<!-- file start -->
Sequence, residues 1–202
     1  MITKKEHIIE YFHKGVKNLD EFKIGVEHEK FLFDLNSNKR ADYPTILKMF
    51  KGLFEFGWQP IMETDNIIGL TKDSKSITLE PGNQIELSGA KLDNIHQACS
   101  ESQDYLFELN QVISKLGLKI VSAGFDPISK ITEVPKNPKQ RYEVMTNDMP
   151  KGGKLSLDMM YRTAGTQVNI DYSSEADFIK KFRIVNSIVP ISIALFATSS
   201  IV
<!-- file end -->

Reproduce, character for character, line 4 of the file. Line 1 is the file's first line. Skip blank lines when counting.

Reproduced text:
   101  ESQDYLFELN QVISKLGLKI VSAGFDPISK ITEVPKNPKQ RYEVMTNDMP